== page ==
While rising temperatures are usually a concern this time of year, the higher than normal amount of rainfall this spring has waterlogged soils, which can be a problem. Water is essential to plant survival, but it can be challenging to landscapes in excessive amounts. Most plants in the area seem to be doing OK, but others are showing the effects of saturated soil.

Water-saturated soils

This condition affects a plant's entire physiology — reducing available oxygen, slowing photosynthesis and a host of other processes. For example, plants that require well-drained soils such as rosemary or mountain laurel and more drought tolerant plants such as salvia or red yucca may be underperforming or declining.

Leaves of some trees, shrubs and even lawns are yellowing, turning a lighter shade of green. This can be the result of rainfall leaching nitrogen from the soil. If you see this in your yard and plan to fertilize, we recommend soil testing to learn the levels of essential nutrients that are deficient. Find testing information at soiltesting.tamu.edu.

Even without rainfall, days on end of cloudy, overcast skies have reduced sunlight that is critical to photosynthesis. With less sunlight, some plants produce fewer flowers or stems and branches grow long and spindly.

Seemingly healthy trees, even mature ones, are uprooting and falling over. This could be the result of recent periods of high winds, but also due to erosion or hidden issues like root rot.

Fungal disease

Rainy weather conditions can promote fungal diseases, which require a period of prolonged leaf wetness to develop. For instance, roses may have increased incidence of blackspot causing yellowing and leaf drop.

Gray Leaf Spot is somewhat common on St. Augustine grass. Particularly in shaded areas, this fungal disease can develop rapidly in prolonged periods of moisture and warm temperatures. Leaf spots are ash-colored with purplish brown margins and can cause turf to thin and turn yellow.

Eliminate a source of fungal disease infection by raking and disposing of affected leaves — blackspot affected leaves of roses, entomosporium infected foliage of Indian hawthorn shrubs and cercospora leaf spot affected leaves of ligustrum and crape myrtle.

Erosion and drainage issues

If your landscape has erosion or drainage issues, they’ve been exacerbated by spring rains. Use this opportunity to closely observe the flow of water, then investigate solutions and take measures to tackle the problem once things begin to dry out.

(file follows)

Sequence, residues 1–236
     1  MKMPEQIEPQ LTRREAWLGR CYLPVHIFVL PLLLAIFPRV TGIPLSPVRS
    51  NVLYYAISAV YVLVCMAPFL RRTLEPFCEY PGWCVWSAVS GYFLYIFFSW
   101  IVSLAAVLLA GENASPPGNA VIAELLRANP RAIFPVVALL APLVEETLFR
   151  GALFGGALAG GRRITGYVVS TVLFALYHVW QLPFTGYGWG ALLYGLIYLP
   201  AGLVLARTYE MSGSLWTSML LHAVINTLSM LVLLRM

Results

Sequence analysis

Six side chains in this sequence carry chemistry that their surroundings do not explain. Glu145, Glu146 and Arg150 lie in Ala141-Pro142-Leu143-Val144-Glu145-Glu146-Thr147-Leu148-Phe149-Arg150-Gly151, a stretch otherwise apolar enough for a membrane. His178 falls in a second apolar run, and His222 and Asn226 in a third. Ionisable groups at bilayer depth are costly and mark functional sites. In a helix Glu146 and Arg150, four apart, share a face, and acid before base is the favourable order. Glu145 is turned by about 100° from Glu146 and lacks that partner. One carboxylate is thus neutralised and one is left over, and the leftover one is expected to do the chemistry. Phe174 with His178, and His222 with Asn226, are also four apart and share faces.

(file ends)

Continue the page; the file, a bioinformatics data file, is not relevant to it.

A method to address drainage or erosion is to capture runoff via cisterns, barrels or a rain garden. Also, runoff can be redirected using a swale, a French drain, a catch basin or extending a downspout.

Summer pests

Monitor for insects! Leaf-footed bugs and squash vine borers are active now in vegetable gardens. Manage with traps or row covers. Aphids and leaf hoppers can infest crape myrtles. Blast off aphids with a strong stream of water. Leaf hoppers do not typically occur in large enough numbers to do real harm but are a nuisance.

Watch for bagworm caterpillars that may be gobbling foliage of junipers, arborvitae and cypress. They build a little cone-shaped bag that they carry with them as they feed. The simple control measure is to remove the insect with bags and dispose of them. Or if the caterpillars are visible, apply a pest-control aid such as Bacillus thuringiensis (Bt).


Some colorful summer annuals and perennials that can withstand summer’s heat can still be planted, including coleus, ornamental sweet potato vine, trailing lantana, tropical hibiscus, mandevilla and vinca. Sow seeds of zinnia, moss rose and sunflower for easy, dependable summer color. Plant new lawns from sod, seed or plugs.

Central Texas gardens and orchards are bursting now with ripe fruits and vegetables. If you would like to get in on the bounty, there is still time to plant a few things that actually appreciate summer’s heat. Plant seeds of lima beans, Southern field peas, okra, pumpkin, summer squash, winter squash, cantaloupe, honeydew and watermelon. Also, small plants of cucumber, eggplant, Malabar spinach, peppers, tomatillo and basil.


Prune branches damaged by recent high winds and if possible, place them at your curb for recycling. Abundant spring rainfall spurred lush growth of shrubs, vines and groundcovers. They may be lightly pruned to keep them in bounds. Mow turf at its optimum height — bermudagrass 1 to 2 inches, St. Augustinegrass 2 ½ to 3 ½ and zoysiagrass 1 to 3 inches.


Most lawns have only needed watering once or twice this year, so be prepared for summer irrigation. Inspect your system to see if sprinkler heads are functioning correctly.

Following weeks of rain, the mosquito population is soaring. If you are relaxing in the backyard or working out of doors, take steps to protect yourself from biting mosquitoes and reduce mosquito breeding sites in the landscape.

The 4 'D's

• Dusk/dawn — Avoid being outside when mosquitoes are searching for a blood meal, which is usually in the early morning hours and just before the sun goes down. While some species are daytime biters, most prefer to feed at dusk and dawn.

• Drain — Empty standing water from “containers” around your home and work areas, such as buckets, wheelbarrows, kiddie pools, toys, dog bowls, water troughs, tires and bottles. Make improvements that allow standing water to run off following rains.

• Dress — If out during mosquito feeding hours, wear long sleeves and pants in plain colors. Avoid attracting them by wearing excessive amounts of fragrance.

• Defend — Any time you go outside for an extended period of time, wear an insect repellent.

Charla Anthony is the horticulturist at Texas A&M AgriLife Extension, Brazos County, 2619 Texas 21 W., Bryan, Texas 77803. Send gardening questions to cmanthony@ag.tamu.edu.

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